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Thursday, 9 July 2020

Public blunder - it's Crimea all over again

A tempest is blowing through the complacent hubristic corridors of power in Whitehall. They have been tested and have failed utterly and humiliatingly, and now they must face the gales of change.

NHS central procurement and NHS and PHE central testing, we were told yesterday, wasted £25bn due to incompetence, a confused commitment to central command and control, a concentration on fashionable management nostrums and jargonistic pabulums rather than on efficiency and effectiveness. It was the rule of dire and dismal senior managers with a focus on reducing sugar in breakfast cereal rather than saving lives. It is the grossest and most culpable mismanagement; indeed we have seen nothing like it since the debacle in the Crimea exposed the manifold failings of army management.

You may know how the media and the telegraph shone the disinfectant sunlight into the dark establishment corners of mismanagement, blunder and stupidity in Crimea. Medical and logistic failures. Troops with no tents or winter clothing, no means of preparing food hygienically, inadequate medical care, flogging at the wheel, a system of buying commissions that left the army in the command of idiots and fools. The British public at the time were outraged - but the establishment aristocrats who ran the army closed ranks and blocked all attempts at reform, for a while at least. It took Prussia's thrashing of the Kermits and an establishment panic that eventually allowed Cardwell's reforms of 1870 - 1881. Barely a generation short of powered flight and the cinema we stopped flogging servicemen.

The Whitehall establishment will make the same impassioned defence of their blunder, malfeasance and incompetence as did those cretin generals back in the 1850s. They are as far out of their depth now as they were at the time of Crimea. They have no place in office, no place in power, no place in control of our taxes and no place in a democracy with a government with a mandate to cleanse them.

Pre-Nightingale NHS hospital in Crimea - disease prevention by PHE


DeeDee99 said...

Operation Cygnus highlighted how unprepared we were for a pandemic. Instead of forcing PHE to rectify the issues raise, PM May and Health Sec Jeremy Hunt suppressed the report.

The utter shambles of the past 6 months is at least partly a consequence of the CON Party's appointment of the most useless PM in our history in an attempt to overturn the Brexit result. Jeremy Hunt also has questions to answer.

I have no faith that Boris and Cummings will cleanse the Whitehall Augean Stables any more than he will clear the Westminster one. A PM who, on taking Office with a mandate to deliver Brexit, immediately appoints high profile Remainers to the House of Frauds has no intention of delivering the real change this country needs.

So what if PHE/NHS wasted £25 billion. There's always the Magic Money Tree which Sunak has discovered in the garden of No.11 ..........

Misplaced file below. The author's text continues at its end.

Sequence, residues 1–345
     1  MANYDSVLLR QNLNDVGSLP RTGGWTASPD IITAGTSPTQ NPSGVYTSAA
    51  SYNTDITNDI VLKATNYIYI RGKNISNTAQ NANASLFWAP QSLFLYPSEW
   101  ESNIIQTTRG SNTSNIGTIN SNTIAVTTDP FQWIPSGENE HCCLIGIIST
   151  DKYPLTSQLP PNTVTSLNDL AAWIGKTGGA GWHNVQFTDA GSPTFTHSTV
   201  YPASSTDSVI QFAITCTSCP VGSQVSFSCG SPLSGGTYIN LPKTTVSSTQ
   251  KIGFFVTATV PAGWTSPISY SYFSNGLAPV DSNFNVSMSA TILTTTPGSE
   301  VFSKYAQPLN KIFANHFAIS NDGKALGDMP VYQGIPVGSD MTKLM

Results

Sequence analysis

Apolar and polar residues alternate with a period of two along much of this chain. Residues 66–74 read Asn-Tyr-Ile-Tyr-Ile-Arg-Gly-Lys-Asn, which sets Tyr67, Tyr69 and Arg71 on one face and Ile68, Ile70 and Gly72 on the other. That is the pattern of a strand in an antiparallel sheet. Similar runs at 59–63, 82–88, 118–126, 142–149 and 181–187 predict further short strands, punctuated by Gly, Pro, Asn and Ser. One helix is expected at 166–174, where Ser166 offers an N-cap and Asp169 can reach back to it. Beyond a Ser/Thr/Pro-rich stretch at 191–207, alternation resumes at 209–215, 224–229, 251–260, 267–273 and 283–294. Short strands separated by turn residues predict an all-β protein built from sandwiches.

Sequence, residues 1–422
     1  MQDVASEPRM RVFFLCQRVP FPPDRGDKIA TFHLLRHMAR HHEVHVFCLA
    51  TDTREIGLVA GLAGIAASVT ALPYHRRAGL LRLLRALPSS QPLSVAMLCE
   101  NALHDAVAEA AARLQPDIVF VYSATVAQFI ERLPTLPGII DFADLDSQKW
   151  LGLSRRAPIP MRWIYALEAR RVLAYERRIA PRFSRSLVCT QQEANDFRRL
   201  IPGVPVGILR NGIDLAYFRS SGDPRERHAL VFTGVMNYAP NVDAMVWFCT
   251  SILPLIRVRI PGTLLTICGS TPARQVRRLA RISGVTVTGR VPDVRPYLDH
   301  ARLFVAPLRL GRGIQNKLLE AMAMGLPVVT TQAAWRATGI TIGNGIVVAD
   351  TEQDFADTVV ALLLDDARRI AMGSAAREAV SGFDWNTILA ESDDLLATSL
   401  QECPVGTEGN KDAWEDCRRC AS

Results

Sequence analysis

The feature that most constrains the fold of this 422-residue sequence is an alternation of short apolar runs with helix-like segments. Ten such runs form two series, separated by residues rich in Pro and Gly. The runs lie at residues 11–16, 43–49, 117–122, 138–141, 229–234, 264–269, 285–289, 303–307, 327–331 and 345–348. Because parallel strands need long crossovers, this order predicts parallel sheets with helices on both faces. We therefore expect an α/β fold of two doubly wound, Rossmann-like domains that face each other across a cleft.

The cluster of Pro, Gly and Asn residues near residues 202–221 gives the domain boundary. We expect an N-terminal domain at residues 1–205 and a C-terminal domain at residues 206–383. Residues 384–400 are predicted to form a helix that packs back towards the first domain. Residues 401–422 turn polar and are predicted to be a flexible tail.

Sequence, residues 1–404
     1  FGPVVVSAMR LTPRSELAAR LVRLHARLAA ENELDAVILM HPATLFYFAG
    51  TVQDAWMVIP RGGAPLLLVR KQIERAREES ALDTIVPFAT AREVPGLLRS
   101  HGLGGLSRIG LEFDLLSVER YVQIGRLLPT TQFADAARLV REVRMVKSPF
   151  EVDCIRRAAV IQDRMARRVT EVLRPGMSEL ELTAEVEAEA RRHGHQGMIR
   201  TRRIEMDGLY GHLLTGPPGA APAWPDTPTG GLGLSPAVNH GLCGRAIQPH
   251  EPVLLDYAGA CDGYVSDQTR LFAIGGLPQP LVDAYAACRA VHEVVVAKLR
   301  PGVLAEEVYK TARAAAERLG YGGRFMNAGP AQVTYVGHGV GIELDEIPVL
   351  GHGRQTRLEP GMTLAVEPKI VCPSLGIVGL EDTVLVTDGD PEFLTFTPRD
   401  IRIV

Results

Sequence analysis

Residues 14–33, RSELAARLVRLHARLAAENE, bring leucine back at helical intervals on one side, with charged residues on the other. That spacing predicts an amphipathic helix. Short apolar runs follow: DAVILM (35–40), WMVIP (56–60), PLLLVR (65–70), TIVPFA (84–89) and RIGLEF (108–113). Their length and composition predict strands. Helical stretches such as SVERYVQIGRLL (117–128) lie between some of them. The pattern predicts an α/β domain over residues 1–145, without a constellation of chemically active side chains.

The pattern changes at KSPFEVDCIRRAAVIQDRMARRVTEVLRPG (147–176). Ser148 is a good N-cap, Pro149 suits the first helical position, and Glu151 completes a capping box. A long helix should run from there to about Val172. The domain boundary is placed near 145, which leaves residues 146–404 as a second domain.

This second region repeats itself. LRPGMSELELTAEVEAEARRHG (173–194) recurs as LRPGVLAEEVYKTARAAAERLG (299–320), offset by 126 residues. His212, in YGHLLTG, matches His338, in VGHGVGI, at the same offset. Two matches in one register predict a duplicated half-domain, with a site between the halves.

Arkus said...

Its the entire State sector - from top to bottom. All of it ... useless

Jack the dog said...

Brilliant post Radders.

DiscoveredJoys said...

There is an underlying problem with long established government in particular, of any stripe. Cabinet Ministers and Prime Ministers talk smoothly of solutions to problems implying that they will be implemented shortly. This flies in the face of actuality. Nothing significant happens without a change in law, and changing/creating laws takes time, often years - many laws never happen because they become the pawns of political gaming. Then the changes have to be implemented within budgetary cycles and this takes time and lack of money might stifle the changes at birth. And then the lawyers get involved exploiting loopholes or poorly design for the benefits of their clients. The Civil Service are habitually inclined to avoid change too, and they have their fingers in every stage.

Now I'll be the first to agree that sometimes slow lawmaking and slow implementation of change can be a good thing. But even the politicians and Civil Service recognise how cumbersome the system is... why do you think there are so many Statutory Instruments used?

I expect what you need is big politically powerful people to single-mindedly push change through against resistance. I wonder if Dominic Cummings is that man in the Conservative Government at the moment? No wonder so many want to have him sacked for upsetting their pleasant lives with changes. I hope the Government don't spread his efforts too thinly as there's plenty that needs fixing.

Hoof Hearted said...

We need Health vouchers to purchase decent healthcare, education vouchers to help purchase a decent education for our children NOT LUNCHEON VOUCHERS. Try again Sunak oh and whilst you’re at it defund HS2, scrap the foreign aid budget and stop spaffing money at the NGOs.
£25bn for overpriced PPE and a useless test and trace system. We could have bought 2 carrier groups plus aircraft and still saved money. How the heck are this lot of pathetic troughers going to navigate us through Brexit?

Span Ows said...

First it needs anyone (all parties) who studied politics and has only worked in politics to be culled. Then all procurement (all departments) given to actual 'buyers'. You mention the Crimean War. Same in the Penninsular War. Same in The Gulf War etc.